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Braving Winter: Frozen Pipes

frozen pipes
frozen pipes

Bursting pipes are a problem but non-existent pipes are even worse!

PuroClean Restoration Services of Cranford, NJ, completed a job for a minister who had a house with water damage, because someone came in and stole all the copper piping from inside his walls! We had to mitigate mold damage -- cut the walls, and rebuild them after.

Even though we hope most of us will never experience this kind of theft, frozen pipes are still a real danger.

When water cools, its density increases and it settles to the bottom of a container. However, at 32º F, it expands and, therefore, its density decreases! This expansion increases the volume of water by about 11% and creates tremendous pressure on its container. No matter the strength of a material, expanding water will cause it to break.

Pipes are especially vulnerable to damage caused by expanding water. Water lines that freeze are usually those directly exposed to severe cold, such as outdoor hose bibs, swimming pool supply lines, or sprinkler lines.

In addition, pipes in unheated interior areas such as basements, crawl spaces, attics, garages, and kitchen cabinets, and those that run against exterior walls with little or no insulation are also susceptible to freezing.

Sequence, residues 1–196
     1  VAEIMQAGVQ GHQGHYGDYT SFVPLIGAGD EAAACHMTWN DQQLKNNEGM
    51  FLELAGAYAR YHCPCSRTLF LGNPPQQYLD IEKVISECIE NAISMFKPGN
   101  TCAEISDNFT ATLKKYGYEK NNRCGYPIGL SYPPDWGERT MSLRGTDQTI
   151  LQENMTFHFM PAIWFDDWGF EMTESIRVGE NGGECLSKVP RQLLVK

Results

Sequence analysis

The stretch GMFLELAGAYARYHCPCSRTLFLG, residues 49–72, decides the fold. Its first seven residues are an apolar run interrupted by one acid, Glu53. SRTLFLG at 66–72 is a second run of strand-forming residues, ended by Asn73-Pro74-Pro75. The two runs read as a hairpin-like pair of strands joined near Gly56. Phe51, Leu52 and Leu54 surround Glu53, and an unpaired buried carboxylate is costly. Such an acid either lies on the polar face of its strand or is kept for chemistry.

A number of variables contribute to freeze damage:

The type of building construction; the quality and quantity of insulation; the decline in temperature; the direction and force of wind; and other weather-related conditions are all contributing factors.

Rust or corrosion weakens pipes, making leaks more likely to occur. When freeze-expansion occurs, corroded pipes will often split open. When thawing begins or when the water is turned back on, damage can occur.

To prevent frozen pipes, Midwestern officials recommend:

  • Seal cracks: Caulk around door frames and windows and around pipes where they enter the house to reduce incoming cold.

  • Protect outdoor pipes and faucets: In some homes, the outside faucet has its own shut-off in the basement in addition to the shut-off valve for the entire house. If you have a separate valve for outside faucets, close the valve, remove hoses and drain the faucet.

  • Open cupboard doors in the kitchen and bathrooms: Water lines supplying these rooms are often on outside walls, and open doors allow for greater heat.

Wishing you warmth this winter,

Chris and Robin Hoy, Cranford New Jersey

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